Parenting Simple Parenting

Night Waking is Normal (And it Gets Better)

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The Big Idea: Night waking is much more common than you might think–but eventually it gets better.

Google when kids sleep through the night, and you could easily come away with the impression that most  kids over six months are sleeping peacefully between the hours of 7 p.m. and 6 a.m. while, presumably, their parents sip wine and catch up on Game of Thrones.




The truth is, if your kid is waking up multiple times at night, you’re in good company. Most kids wake up at night sometimes, for a variety of reasons:

  • One study of 640 babies found that only 16% of babies sleep through the night at 6 months.
  • A study of Swiss children found that at three years old, nearly a quarter of kids woke up every night, and even at four years, half woke up at least once a week.

simple parenting night waking 2

In other words, if your little one (or big one) crawls into your bed at 3 am, it doesn’t necessarily mean you’re doing anything wrong.

But here’s the good news: Things DO generally get better with time. A survey of over 3,000 Australian families, for example, found that disruptive night wakings decreased significantly after 24 months.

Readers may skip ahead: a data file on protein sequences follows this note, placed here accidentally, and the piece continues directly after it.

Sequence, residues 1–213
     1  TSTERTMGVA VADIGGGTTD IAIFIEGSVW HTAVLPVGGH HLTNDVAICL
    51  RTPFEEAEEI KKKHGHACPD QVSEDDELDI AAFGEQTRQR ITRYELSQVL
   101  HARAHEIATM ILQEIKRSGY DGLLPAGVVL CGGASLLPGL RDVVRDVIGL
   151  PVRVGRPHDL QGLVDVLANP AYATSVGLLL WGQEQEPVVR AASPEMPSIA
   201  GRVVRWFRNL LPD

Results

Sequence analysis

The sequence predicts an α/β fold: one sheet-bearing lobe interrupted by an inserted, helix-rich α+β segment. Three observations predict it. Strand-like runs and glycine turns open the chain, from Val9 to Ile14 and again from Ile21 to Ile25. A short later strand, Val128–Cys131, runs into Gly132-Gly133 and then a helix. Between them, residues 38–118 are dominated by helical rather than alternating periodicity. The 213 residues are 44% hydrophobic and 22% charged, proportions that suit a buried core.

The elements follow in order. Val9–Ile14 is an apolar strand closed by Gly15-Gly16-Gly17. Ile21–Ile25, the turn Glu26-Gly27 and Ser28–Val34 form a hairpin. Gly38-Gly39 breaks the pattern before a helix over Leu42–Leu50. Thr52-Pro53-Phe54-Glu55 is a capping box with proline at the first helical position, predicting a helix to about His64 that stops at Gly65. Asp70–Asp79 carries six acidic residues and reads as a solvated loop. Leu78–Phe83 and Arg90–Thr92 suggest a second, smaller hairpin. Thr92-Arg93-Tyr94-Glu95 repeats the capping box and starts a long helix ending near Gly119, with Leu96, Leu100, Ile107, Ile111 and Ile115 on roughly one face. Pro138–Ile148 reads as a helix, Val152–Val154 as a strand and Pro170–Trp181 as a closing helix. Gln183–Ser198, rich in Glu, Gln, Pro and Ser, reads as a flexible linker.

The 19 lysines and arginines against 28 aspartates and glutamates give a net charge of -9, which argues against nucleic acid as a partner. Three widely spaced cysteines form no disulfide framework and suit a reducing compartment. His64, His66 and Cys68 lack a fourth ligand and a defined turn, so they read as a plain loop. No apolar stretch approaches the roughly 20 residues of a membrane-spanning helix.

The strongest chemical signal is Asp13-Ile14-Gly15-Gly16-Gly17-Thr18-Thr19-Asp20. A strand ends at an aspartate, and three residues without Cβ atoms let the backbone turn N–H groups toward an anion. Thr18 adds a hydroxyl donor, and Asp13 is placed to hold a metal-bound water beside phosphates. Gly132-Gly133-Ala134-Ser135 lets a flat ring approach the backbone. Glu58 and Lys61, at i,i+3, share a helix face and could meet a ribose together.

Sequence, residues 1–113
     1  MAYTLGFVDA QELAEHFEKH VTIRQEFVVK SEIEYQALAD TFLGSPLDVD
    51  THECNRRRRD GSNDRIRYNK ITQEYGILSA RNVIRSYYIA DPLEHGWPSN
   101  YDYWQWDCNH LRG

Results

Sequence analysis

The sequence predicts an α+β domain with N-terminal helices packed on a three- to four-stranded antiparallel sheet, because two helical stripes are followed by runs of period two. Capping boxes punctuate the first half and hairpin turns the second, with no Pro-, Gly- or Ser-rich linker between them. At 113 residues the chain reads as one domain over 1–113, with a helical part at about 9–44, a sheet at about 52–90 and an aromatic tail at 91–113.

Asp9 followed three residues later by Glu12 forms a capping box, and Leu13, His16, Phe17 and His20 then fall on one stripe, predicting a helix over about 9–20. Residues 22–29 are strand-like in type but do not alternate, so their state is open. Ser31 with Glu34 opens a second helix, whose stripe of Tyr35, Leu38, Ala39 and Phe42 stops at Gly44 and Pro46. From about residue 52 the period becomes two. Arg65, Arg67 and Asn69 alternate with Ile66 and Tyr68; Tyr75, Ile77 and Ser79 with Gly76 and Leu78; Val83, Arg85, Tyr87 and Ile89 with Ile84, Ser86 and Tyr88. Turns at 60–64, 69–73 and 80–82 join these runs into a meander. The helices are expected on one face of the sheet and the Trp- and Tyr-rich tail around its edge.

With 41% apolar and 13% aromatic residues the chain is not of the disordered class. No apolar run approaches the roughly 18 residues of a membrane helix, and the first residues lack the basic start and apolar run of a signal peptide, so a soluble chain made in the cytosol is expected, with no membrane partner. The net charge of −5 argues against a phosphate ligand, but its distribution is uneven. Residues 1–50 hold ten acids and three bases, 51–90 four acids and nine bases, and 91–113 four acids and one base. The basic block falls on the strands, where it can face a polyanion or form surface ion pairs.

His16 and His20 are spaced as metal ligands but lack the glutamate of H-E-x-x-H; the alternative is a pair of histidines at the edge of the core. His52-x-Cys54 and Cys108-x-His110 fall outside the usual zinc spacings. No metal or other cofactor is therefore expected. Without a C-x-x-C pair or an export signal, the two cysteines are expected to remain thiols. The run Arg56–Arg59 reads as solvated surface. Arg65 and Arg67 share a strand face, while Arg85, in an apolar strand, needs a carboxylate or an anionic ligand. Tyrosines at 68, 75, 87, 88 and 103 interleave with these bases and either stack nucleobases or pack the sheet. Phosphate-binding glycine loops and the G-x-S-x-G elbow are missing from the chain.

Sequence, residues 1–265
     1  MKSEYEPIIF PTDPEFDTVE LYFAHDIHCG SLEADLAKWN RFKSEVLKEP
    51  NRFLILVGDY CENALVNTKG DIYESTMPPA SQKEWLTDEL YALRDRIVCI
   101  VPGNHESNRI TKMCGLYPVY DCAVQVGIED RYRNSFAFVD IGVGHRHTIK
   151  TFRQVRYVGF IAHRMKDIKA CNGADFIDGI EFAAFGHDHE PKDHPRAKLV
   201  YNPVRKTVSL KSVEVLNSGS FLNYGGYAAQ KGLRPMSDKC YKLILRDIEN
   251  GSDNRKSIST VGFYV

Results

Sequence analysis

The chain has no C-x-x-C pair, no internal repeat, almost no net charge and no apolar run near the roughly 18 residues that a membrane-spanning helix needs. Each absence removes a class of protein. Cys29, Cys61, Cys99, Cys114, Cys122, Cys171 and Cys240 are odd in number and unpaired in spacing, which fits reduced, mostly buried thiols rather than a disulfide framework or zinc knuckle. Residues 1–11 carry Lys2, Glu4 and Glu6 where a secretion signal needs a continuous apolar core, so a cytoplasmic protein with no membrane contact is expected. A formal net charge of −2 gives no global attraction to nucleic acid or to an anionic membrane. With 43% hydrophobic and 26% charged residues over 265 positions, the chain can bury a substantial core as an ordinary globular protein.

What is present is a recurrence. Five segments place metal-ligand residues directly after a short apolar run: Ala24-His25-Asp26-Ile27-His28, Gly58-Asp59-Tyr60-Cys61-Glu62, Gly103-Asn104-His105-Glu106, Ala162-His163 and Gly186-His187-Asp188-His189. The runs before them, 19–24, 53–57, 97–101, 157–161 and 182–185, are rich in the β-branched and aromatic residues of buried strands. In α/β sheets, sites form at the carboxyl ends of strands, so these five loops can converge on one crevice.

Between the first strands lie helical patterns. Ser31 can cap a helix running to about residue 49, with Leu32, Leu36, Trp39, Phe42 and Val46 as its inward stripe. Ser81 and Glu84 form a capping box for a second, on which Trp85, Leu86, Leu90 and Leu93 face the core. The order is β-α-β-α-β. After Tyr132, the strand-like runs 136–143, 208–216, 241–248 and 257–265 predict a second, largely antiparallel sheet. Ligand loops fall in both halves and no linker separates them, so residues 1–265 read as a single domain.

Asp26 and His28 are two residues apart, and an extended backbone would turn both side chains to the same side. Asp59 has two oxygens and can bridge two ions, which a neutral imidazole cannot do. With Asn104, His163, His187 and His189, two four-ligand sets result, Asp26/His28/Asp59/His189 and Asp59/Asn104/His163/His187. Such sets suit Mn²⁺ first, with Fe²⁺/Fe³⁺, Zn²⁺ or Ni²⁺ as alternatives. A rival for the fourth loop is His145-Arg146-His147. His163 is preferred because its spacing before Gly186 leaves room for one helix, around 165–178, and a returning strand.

Meanwhile, if you’re struggling to function on five hours of sleep, sleep training *can* help, even if it doesn’t eliminate all night waking (Good Night, Sleep Tight and Healthy Sleep Habits, Happy Child are two of my favorite books on the topic).

It’s also worth working on your own sleep habits, so you can make the most of the time when your little one IS asleep. This blog post from Harvard sleep experts suggests cutting down on devices in bed, and 11 other helpful steps.

Sleep deprivation is rough, no doubt. But remember–at least you’re not alone. And next time your friend humblebrags about her 10 uninterrupted hours of sleep, put her to work folding laundry, since she’s so well-rested!




One last note: normal sleep patterns vary, but there can definitely be medical reasons why kids wake up frequently, from acid reflux to anxiety. If you’re concerned, speak to your pediatrician.